Hand Pouring Transmission Fluid

Depending on its age and condition, transmission fluid can either be pink, red, or brown. As the transmission assembly is located beneath the car, you’ll probably notice a stain on the road if the system is leaking. Like engine oil, transmission fluid is slippery to the touch and can be mistaken for engine oil.

Leaks aren’t common on manual transmission cars, but are more common in automatics. Common areas prone to transmission fluid leaks include the axle seal and output shaft seal. If you notice a significant leak, it’s always best to have a professional take a look.

Power Steering Fluid

Power Steering Fluid 

Not to be mistaken for transmission fluid; power steering fluid has a reddish-brown colouring and thin consistency. What sets it apart from transmission fluid is its distinctive smell, which is quite difficult to describe; we’d say it’s like something sweet burning.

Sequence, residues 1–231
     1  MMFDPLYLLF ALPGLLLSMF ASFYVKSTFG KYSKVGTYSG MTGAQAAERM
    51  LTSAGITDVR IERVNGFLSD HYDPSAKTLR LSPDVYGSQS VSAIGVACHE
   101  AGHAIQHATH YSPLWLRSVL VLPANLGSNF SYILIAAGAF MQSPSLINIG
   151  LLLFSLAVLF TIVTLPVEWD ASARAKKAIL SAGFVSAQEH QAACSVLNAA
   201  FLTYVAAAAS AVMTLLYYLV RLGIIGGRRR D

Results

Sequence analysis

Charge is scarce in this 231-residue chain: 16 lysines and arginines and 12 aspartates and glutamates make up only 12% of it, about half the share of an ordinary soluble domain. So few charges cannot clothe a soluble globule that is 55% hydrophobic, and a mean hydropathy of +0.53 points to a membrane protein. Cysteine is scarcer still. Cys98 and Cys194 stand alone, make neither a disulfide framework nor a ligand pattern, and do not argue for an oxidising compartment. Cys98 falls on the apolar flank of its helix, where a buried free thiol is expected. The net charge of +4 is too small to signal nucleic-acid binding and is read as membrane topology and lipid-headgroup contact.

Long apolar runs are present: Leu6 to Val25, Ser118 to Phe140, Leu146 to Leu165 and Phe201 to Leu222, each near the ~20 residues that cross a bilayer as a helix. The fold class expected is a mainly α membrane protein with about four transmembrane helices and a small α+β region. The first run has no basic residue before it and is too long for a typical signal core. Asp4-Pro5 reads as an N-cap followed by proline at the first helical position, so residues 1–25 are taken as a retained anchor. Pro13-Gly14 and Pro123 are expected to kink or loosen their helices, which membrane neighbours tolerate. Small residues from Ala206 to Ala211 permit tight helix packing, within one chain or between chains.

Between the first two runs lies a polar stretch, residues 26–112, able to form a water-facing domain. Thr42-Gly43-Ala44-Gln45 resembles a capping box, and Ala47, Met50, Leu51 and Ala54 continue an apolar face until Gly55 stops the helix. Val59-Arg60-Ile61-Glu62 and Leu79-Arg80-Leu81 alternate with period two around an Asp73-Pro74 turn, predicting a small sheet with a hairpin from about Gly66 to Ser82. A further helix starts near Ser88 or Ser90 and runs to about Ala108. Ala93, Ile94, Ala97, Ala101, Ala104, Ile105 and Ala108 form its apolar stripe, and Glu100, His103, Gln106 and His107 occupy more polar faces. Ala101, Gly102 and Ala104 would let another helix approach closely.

Power steering fluid leaks are rare, but when they do occur it’s normally near the steering rack, specifically the rack end seals on a rack and pinion steering system. This may result in the system squealing or the steering becoming heavy. Top up the system following the manufacturer’s guidelines and monitor the levels. If the leak persists, have a professional take a look.

Brake Fluid

Wheel and disc break in maintenance process 

Brake fluid is characterised by its colour – in that it doesn’t have one relative to other fluids in the car. It’s clear or pale amber and resembles cooking oil.

Areas prone to brake fluid leakage are the master cylinders and flex lines, as well as the brake calliper seals. If you suspect a brake fluid leak, don’t drive the car! Check the level and top it up if necessary. Start the car and pump the brakes while stationary and check if the level has dropped. Have a professional check it out immediately if you suspect a leak.

Coolant/Antifreeze

 Antifreeze

Of all the fluids to spring a leak beneath the bonnet, coolant/antifreeze is the easiest to identify. This is thanks to its bright green or yellow colour, and its distinctive sweet odour.

There are many places around the engine bay where coolant/antifreeze can leak from, and any leaks are usually easy to find. Coolant/antifreeze leaks can occur on the water pump, radiator, hoses, freeze plugs, heater core and head gasket.

Water

 Water leak